Mutual / building societies


Building societies are ‘mutuals’ – they’re like banks, but they’re owned by their members, not external shareholders.  For this reason, their rates are often very competitive. They are democratic, ethical institutions, with an emphasis on providing local branches.

The mutual sector is healthy and growing. Around 20 million people have building society accounts, building societies have helped over 3 million people to buy a home, and they currently provide one in every three mortgages in the UK.

Click here and here for introductory information and resources on building societies.

What to do

Find a building society

If you go to the website of the Building Societies Association, the trade body for building societies, you’ll find a list of all the building societies in the UK, with contact details. You’ll be able to choose one in or close to your town if you want to support your local society.

A word of warning: many building societies were ‘demutualised’, starting in the 1980s, after deregulation that allowed mutual societies to become banks with shareholders, or to be merged with existing banks. Incentives were offered to members in the form of cash payments or shares. The first mutual society to be demutualised was Abbey National, followed by famous names such as Alliance and Leicester, Northern Rock and Bradford and Bingley. They have all since failed (and the Co-operative Bank is no longer a co-op). To be sure that you’re joining a real mutual society, check the list on the BSA’s website (above).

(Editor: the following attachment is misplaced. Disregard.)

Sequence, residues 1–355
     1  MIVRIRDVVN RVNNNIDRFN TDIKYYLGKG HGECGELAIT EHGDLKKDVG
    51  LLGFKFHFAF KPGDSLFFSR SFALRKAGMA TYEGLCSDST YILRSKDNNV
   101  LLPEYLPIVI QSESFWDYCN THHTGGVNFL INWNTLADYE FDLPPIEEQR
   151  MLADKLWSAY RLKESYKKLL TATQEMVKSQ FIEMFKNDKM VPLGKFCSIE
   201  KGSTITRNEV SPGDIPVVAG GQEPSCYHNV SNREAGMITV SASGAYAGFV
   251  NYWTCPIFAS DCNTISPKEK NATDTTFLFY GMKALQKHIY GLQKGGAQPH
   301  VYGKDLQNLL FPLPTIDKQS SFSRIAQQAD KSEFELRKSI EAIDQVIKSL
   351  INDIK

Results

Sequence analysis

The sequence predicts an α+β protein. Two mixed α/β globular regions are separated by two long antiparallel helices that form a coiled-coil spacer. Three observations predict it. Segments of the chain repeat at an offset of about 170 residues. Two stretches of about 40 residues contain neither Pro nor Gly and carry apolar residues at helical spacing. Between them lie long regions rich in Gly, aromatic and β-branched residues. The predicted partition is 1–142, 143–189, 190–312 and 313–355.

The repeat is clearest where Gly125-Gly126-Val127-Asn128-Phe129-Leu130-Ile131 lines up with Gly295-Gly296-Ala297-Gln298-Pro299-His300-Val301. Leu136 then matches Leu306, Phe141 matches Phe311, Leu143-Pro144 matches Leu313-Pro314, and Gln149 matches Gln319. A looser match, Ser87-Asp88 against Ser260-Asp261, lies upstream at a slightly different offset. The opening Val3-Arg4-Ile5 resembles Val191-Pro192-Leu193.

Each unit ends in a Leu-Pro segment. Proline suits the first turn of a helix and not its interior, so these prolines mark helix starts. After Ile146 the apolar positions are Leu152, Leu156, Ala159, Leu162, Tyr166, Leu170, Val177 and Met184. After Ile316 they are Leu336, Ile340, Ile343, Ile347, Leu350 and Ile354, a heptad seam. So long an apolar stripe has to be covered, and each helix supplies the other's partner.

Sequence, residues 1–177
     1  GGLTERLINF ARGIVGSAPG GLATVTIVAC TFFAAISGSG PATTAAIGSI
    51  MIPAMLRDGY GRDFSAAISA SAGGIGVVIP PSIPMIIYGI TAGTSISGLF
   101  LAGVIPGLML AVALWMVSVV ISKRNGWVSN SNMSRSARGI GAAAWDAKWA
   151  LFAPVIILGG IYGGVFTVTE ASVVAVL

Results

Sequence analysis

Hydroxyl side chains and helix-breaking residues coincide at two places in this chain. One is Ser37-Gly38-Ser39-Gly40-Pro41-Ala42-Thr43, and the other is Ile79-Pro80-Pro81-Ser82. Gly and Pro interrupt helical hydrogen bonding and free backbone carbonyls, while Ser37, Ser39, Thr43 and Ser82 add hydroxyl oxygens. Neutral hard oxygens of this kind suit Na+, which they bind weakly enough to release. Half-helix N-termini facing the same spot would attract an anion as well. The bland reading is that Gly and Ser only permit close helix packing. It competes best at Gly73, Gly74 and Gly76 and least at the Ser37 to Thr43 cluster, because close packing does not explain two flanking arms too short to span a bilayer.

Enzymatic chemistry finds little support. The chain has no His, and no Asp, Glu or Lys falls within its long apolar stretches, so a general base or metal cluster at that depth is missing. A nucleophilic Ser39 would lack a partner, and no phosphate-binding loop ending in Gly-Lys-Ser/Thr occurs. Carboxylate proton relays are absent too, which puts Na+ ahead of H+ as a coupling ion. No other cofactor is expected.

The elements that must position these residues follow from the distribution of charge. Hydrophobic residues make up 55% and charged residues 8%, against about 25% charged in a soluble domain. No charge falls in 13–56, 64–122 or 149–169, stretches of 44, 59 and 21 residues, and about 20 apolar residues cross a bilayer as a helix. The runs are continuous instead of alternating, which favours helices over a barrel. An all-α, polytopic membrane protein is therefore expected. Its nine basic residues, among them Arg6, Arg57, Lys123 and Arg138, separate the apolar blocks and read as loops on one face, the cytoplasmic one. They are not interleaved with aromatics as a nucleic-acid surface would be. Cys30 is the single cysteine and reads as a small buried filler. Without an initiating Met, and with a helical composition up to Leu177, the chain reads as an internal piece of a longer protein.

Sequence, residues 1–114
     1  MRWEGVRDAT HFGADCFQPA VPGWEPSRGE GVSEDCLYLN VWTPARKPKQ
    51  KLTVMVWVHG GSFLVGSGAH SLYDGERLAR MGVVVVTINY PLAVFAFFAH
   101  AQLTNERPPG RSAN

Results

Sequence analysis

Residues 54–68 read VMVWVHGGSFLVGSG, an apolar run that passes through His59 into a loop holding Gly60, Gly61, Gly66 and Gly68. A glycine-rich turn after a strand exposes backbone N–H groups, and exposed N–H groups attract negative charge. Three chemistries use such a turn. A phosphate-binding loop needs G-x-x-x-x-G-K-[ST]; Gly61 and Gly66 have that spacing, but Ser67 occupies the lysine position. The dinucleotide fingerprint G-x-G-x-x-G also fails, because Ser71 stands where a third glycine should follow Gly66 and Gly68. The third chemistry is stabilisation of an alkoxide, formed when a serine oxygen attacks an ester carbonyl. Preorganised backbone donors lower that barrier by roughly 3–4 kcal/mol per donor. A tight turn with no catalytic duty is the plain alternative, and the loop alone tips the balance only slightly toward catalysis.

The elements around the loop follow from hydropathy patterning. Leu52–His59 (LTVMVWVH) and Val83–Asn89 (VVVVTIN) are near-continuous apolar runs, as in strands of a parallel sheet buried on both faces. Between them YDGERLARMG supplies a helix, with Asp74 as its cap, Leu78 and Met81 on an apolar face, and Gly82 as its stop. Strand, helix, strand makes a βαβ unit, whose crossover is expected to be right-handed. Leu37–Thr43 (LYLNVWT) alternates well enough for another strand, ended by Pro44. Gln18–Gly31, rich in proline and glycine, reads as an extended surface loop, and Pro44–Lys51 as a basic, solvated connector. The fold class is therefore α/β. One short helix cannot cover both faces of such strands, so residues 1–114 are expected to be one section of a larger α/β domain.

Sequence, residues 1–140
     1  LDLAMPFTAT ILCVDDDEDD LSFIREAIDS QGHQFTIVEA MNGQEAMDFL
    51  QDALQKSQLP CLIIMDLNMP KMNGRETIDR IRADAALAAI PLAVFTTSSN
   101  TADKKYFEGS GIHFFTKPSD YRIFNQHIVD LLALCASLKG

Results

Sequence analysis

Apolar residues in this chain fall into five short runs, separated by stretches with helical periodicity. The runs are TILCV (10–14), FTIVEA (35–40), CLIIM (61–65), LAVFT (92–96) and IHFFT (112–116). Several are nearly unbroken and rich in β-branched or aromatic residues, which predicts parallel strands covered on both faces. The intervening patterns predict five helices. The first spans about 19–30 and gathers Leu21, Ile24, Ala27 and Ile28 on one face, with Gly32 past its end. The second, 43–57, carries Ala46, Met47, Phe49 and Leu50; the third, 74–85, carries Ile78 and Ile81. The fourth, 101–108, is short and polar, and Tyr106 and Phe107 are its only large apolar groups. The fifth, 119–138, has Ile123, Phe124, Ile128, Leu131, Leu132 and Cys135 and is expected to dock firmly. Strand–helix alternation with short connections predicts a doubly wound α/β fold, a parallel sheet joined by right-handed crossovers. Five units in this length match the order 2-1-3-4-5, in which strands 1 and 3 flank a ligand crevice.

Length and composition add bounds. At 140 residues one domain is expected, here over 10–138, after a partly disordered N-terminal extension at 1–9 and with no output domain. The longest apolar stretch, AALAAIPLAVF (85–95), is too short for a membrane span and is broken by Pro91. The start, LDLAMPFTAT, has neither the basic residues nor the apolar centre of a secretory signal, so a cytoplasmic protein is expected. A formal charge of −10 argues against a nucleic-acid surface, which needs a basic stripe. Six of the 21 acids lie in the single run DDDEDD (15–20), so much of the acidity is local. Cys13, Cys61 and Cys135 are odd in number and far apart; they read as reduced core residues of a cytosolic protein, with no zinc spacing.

Mortgages and savings

All building societies provide mortgages and savings. Just pop into your local branch or call them, and they’ll explain what to do / how to switch.

Lots of people organise their mortgages through a broker, and if that’s the case, you can stipulate that you’d like to use a building society. If they don’t understand your reasons for doing so, you’ll then have the opportunity to educate them.

Current accounts

Current accounts are expensive for financial institutions to operate, but for current accounts, you have two options – the Nationwide, or if you live in Cumbria, the Cumberland. They’ll be able to switch all your standing orders and direct debits painlessly too. You could possibly have a Nationwide current account as well as savings / mortgage with your local society.